Emergency Intervention and Good Sam
A tragic death forty-six years ago launched an intriguing field of love research: emergency intervention. I’ve been wondering what it means for imitating the Good Samaritan.
In March of 1964, Katherine “Kitty” Genovese was attacked and stabbed repeatedly coming home from work one morning. At least thirty-eight people watched or heard the attack. But not a single person came to Kitty’s assistance. An anonymous caller reported the incident a half-hour later. Before help could arrive, she bled to death.
When the public heard that thirty-eight witnesses did not intervene, a flurry of questions arose. People wondered if such apathy said something about New Yorkers or big city culture. Others wondered if this tragic event reveals a fundamental flaw in human nature. People assumed the death of Kitty Genovese proves that humans are apathetic, callous, and indifferent.
Social psychologists Bibb Latané and John Darley and other researchers, however, decided to search for experimental answers. They wanted to know why onlookers and witnesses of crisis often fail to respond. Their research takes the name “emergency intervention.”
Latané and Darley focus upon the decision-making processes we use when deciding whether to help during situation-specific tragedies. The social scientists have developed a five-step model for how bystanders decide whether to intervene to help in an emergency.
The first step in the decision model is simply noticing the emergency event. This may seem rather obvious, but various factors influence a bystander’s ability to notice a victim. Bystanders experiencing bad moods, for instance, are less likely to be sensitive to their surroundings. Bystanders are also more likely to notice vivid events. A victim of “ho-hum accident” witnessed by a bystander having a bad day is less likely to receive help.
The second step is interpretation. A bystander must not only notice a tragic incident, he or she must also interpret it as requiring assistance. In a series of studies, researchers have documented that bystanders are more likely to intervene when victims express strong distress cues. Those who observe an event and are confused by the victim’s silent or passive actions wonder if they should intervene. Bystanders are more likely to help screamers than quiet victims.
Sometimes environmental factors confuse or distract witnesses. In one study, a person wearing a cast dropped books on the sidewalk directly in front of oncoming strangers. In some instances, these books were dropped as a power lawn mower roared nearby. In other instances, books were dropped and the mower was not running. When the power lawn mower was silent, bypassers helped the injured book dropper eighty percent of the time. When the power mower was running loudly, however, bypassers helped only fifteen percent of the time. Excessive stimulation hampers a person’s ability to interpret what to do in an emergency.
The third step in Latané and Darley’s model for emergency intervention decision making is responsibility taking. Experiments show that bystanders who believe themselves the only witness to an emergency are more likely to help. Bystanders may shirk responsibility, because they assume others are better equipped or have more knowledge for helping victims. This phenomenon, labeled “diffusion of responsibility,” probably accounts for why no one intervened to help Kitty Genovese.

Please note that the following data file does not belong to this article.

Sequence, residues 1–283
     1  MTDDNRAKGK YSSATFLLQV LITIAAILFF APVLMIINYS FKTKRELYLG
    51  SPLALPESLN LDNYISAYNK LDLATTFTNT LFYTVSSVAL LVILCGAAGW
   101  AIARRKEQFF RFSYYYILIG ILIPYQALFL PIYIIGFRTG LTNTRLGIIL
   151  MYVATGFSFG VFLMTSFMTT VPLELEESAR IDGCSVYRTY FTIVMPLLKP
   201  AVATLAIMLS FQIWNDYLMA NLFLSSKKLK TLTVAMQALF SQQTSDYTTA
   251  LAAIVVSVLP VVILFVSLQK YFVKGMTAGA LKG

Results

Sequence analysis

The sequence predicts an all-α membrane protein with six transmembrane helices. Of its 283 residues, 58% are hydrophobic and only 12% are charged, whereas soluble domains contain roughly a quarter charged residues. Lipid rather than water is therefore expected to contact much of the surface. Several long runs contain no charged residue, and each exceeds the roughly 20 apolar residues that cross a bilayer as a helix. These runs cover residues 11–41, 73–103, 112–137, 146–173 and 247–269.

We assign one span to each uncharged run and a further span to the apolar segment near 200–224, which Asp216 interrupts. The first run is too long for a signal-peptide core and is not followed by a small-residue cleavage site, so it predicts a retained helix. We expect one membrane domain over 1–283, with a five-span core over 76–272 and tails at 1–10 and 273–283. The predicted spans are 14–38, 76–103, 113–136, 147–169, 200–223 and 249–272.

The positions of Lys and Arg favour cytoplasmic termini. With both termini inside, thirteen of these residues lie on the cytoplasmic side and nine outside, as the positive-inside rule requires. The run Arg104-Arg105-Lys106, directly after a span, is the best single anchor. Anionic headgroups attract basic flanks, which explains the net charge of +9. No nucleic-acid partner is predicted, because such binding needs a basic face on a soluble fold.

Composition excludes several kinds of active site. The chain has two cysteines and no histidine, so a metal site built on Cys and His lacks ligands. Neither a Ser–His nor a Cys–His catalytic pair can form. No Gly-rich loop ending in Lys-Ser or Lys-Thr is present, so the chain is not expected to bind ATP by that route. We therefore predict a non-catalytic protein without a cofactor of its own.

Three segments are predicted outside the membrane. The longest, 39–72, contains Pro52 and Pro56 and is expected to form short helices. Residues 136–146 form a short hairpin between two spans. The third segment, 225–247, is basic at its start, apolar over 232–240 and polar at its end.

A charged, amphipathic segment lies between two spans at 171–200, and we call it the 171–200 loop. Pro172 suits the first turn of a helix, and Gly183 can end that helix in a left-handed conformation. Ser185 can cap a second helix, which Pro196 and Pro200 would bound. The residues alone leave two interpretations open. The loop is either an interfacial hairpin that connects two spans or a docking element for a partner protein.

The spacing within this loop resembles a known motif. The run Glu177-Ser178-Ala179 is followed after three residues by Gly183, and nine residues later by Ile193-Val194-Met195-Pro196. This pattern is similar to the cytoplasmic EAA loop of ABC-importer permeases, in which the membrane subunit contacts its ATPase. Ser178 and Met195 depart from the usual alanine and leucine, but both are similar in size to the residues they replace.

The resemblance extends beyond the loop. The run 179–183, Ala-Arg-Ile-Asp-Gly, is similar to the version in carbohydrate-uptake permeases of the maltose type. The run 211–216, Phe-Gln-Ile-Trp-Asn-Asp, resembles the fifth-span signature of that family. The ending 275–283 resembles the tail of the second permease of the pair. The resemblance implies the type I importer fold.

In one study, college students heard from an intercom system about an emergency nearby. Students who believed themselves the only ones hearing the emergency message were more likely to take responsibility to help than students who believed others also heard the message. Students who believed people others heard but were somehow unable to intervene were as likely to help as those who heard and believed themselves alone.
Step four in the intervention decision-making process involves deciding what kind of help to give. Here the issue is not so much willingness to help. The issue is discerning the best way to aide in an emergency.
One study tested the effectiveness of those with first-aid training when encountering an emergency. Both those with training and those without were equally as likely to respond to help a bleeding person. Perhaps not surprisingly, the medical assistance of those with first-aid training was most effective in the emergency. Those without such training often made the emergency worse. Sometimes those who believe they lack the expertise to help effectively will fail to intervene in emergencies like the one involving Kitty Genovese. Bystanders may worry that intervening will cause more harm than good.
The fifth and final step in the emergency intervention process is the actual implementation of the decision to help. This step raises questions of costs and rewards for a potential helper.
A number of experiments have been done under the general rubric of assessing costs and rewards to those who help the needy. Many experiments are based on the notion that people generally want to maximize rewards and minimize costs. The cost-reward approach is associated with an economic view of social interaction, and one of its strengths is its capacity for measurement.